Mortgage Finance Blog

Protection in Home Finance

October 21st, 2010 8:58 AM by Diego Quintero

In this time where a lack of trust exists with banks, there are still benefits to seeking banked or brokered loans. From obtaining home value to securing insurance, the loan serves to protect the new homebuyer in several ways. According to USA Today,  past homeowners & banks are claiming ownership to properties that have already been sold to new buyers. If a new buyer would have gone through the channels of obtaining a bank loan, the standard procedures to acquire the property would have included the purchase of a title insurance policy to protect against such a claim. There is no denying the fact that the new bank is following the protocol to protect themselves, however, by default the new buyer is protected as well.

We have several investors in the marketplace who are purchasing homes to renovate and resell. We also have those who are purchasing them to improve and rent-out. Additionally, we have homeowners who have just purchased a home to rehabilitate and live-in as their own. Imagine the possibility of someone staking claim to the very home that has been improved with your own cash. This is happening all over the country and could have been avoided with the purchase of a title insurance policy.

How else does a bank loan protect my interest? A major portion of the underwriting determination comes from the appraisal report. Value is one of the most important aspects for the desire to purchase a property. The appraisal report will compare the property to others within one mile (if possible) to the subject property, with similar square footage, similar upgrades, etc. It takes into consideration the age of the home, if it is on or abutting a major roadway, if it has views, etc. Although the appraisal work as of recent has been lackluster, at best, it will provide a rather conservative value to the home/real estate. It also serves as a key negotiating factor for your real estate agent who may be able to trim off some costs after its disclosure to all parties.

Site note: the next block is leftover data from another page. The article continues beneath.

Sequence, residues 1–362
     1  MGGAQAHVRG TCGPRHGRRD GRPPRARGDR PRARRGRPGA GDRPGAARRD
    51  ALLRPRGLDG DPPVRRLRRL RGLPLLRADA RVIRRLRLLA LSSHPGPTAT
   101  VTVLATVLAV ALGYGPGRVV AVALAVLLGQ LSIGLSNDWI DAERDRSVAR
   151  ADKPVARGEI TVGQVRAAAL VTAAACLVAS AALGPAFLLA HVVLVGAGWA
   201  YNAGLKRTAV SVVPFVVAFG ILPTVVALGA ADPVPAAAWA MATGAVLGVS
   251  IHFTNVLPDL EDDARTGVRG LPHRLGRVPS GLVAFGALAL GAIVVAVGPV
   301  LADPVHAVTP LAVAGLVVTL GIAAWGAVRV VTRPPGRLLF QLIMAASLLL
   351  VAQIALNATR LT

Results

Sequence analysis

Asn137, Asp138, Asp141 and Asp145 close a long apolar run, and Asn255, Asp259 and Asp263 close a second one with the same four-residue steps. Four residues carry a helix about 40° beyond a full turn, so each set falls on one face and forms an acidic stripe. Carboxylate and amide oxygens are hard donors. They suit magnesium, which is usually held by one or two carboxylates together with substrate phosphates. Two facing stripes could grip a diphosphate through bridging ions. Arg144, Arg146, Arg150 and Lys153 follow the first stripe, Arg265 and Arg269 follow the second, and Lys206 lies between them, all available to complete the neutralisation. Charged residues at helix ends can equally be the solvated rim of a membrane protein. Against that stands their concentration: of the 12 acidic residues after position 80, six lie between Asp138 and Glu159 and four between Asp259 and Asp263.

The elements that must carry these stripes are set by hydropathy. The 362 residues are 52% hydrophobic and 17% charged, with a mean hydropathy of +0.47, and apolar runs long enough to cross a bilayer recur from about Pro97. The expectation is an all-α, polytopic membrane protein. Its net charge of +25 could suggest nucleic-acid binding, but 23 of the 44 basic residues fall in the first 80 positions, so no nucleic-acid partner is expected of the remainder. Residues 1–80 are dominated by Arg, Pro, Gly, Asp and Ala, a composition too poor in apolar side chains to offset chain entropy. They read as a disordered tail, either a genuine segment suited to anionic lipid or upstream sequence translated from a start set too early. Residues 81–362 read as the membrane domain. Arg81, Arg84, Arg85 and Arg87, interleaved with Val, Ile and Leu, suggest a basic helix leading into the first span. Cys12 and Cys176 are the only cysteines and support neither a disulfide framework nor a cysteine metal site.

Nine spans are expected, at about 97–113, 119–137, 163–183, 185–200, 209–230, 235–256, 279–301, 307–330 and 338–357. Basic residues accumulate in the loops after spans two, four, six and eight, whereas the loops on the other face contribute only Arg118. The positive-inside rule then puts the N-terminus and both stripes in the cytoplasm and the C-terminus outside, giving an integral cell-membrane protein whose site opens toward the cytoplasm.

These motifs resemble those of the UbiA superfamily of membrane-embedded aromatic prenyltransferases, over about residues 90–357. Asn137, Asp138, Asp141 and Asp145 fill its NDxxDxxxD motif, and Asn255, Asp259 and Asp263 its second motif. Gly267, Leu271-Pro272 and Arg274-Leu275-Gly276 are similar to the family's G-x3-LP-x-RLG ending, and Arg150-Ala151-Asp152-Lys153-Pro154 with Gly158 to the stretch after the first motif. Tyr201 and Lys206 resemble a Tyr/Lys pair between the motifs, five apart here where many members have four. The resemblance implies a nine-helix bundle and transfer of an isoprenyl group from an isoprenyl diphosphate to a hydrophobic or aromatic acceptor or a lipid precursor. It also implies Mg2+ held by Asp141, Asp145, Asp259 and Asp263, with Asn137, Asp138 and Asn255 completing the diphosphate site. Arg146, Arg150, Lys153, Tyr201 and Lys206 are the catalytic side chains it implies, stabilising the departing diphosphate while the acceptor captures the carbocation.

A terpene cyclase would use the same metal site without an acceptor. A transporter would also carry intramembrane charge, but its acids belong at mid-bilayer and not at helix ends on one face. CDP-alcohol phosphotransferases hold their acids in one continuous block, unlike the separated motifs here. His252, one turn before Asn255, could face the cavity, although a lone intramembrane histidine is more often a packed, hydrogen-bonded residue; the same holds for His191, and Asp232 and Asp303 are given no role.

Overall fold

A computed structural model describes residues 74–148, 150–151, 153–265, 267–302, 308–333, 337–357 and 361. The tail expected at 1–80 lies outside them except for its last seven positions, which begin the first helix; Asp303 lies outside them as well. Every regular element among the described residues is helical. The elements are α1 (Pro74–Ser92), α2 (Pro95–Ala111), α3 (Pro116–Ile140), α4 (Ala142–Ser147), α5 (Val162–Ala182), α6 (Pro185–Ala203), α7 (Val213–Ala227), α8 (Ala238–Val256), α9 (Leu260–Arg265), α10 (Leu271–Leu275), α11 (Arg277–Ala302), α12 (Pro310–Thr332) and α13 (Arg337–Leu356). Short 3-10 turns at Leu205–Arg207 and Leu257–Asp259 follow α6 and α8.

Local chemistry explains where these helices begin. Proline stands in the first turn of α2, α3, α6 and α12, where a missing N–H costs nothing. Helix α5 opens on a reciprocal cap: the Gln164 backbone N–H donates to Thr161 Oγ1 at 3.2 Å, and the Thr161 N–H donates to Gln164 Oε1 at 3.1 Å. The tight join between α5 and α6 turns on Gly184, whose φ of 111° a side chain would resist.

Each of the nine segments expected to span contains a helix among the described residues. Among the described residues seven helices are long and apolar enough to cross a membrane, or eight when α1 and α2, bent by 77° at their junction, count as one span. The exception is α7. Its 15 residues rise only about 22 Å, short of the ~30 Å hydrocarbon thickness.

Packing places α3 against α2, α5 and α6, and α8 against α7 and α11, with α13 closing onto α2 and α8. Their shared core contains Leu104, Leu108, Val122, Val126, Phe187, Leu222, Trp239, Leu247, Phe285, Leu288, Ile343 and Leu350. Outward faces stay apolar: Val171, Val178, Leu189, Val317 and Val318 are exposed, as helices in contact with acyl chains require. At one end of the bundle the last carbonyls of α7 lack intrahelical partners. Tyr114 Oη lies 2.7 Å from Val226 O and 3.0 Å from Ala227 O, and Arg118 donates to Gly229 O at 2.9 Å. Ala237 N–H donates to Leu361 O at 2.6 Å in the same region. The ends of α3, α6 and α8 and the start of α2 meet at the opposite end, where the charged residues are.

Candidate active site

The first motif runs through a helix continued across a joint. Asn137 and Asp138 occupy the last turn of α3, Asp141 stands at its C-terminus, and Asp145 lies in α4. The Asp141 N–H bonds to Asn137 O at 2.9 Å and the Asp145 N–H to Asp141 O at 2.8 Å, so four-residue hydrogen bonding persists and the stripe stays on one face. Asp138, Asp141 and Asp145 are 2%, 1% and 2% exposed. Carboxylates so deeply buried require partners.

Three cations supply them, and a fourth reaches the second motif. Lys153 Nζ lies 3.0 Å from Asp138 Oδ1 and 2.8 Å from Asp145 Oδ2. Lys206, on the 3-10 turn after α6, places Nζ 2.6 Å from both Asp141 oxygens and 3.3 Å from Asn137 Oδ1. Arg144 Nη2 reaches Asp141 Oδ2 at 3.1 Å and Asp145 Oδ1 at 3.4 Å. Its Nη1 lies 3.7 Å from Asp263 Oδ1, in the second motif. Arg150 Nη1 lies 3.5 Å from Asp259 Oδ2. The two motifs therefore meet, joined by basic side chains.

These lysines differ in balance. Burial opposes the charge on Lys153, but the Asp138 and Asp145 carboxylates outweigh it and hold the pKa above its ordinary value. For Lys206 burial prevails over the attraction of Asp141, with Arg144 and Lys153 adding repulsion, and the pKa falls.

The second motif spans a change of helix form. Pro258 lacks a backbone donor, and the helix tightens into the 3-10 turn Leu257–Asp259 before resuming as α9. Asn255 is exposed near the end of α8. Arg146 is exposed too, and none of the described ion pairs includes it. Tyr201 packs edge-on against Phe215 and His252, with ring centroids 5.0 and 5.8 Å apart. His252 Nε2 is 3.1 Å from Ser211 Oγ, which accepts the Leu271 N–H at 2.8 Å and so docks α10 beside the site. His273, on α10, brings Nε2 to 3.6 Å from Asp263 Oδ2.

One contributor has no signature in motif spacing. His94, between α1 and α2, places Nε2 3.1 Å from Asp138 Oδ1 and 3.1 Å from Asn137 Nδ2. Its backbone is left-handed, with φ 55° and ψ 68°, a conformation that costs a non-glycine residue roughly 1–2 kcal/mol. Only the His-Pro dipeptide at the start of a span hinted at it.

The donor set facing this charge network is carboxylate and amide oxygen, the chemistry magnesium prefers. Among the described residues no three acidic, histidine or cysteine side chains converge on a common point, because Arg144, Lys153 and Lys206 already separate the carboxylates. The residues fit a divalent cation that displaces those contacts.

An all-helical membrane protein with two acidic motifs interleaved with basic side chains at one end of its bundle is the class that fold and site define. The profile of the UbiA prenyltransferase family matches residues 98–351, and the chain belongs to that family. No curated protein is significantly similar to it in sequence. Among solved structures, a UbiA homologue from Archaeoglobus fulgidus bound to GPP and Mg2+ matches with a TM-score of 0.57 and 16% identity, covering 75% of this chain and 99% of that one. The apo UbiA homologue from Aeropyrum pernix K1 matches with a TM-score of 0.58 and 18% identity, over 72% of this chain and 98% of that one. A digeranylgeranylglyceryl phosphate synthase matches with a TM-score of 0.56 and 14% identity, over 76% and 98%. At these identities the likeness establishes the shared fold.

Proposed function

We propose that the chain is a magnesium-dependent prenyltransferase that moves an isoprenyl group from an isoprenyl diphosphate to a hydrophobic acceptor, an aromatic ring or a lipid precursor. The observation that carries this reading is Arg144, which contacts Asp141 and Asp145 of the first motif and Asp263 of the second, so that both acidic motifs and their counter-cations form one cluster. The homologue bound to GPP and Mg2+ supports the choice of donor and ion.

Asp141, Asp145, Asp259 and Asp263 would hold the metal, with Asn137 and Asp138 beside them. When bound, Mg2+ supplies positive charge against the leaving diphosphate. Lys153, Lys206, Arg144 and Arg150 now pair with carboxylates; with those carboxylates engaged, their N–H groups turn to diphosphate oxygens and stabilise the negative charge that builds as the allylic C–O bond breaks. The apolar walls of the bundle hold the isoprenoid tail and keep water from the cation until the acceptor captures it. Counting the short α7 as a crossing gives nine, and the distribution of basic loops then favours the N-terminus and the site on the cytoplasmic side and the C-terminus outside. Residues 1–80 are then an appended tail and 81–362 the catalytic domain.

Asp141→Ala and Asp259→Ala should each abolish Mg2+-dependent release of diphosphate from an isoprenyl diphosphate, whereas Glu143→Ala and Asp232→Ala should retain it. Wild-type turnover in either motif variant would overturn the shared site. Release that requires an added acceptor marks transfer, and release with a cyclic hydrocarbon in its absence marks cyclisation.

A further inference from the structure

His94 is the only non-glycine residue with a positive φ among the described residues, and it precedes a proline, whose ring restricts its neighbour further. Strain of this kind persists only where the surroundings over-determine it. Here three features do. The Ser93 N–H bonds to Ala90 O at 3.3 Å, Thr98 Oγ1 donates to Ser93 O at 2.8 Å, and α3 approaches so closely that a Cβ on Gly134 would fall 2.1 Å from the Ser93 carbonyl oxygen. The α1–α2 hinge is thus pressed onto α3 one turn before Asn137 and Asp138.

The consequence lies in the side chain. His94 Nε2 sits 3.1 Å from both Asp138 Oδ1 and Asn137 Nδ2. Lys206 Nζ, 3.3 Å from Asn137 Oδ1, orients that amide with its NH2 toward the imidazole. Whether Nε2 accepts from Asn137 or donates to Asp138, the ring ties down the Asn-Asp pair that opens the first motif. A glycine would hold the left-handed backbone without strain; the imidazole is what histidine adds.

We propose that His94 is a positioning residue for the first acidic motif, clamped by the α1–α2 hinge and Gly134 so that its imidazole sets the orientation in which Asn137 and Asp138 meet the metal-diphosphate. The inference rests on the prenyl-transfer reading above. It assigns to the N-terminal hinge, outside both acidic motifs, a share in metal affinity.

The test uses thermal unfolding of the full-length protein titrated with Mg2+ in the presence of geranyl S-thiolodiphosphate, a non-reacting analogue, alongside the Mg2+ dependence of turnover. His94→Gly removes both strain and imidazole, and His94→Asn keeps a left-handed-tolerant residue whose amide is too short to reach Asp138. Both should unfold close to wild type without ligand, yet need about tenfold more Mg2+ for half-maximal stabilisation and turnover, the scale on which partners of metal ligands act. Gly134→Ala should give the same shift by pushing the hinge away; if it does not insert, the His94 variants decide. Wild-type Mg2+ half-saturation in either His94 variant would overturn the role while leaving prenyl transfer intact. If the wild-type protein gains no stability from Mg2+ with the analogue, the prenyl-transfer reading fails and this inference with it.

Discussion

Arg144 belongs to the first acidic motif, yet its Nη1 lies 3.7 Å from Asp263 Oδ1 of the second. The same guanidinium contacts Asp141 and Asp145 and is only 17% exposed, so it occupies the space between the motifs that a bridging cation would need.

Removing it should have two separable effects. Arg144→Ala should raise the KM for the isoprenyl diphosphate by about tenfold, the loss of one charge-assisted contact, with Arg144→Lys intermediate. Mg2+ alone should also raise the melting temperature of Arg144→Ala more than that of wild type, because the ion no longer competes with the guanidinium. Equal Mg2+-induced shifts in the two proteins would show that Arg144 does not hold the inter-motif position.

The loan approval may include items like; repairs to be made before closing, a clear termite inspection, roof inspections, etc. Very importantly, an underwriting approval will always call for a clear title report.  Those at the greatest risk for back-claims are cash buyers. The approach that many retired home buyers have taken is to seek a nominal loan amount when purchasing a new home, simply to get that added protection.

Call your trusted mortgage broker for details and if you purchased a foreclosed home recently you may need to call your past attorney or real estate agent to ensure that you have title insurance.

Posted in:General
Posted by Diego Quintero on October 21st, 2010 8:58 AM

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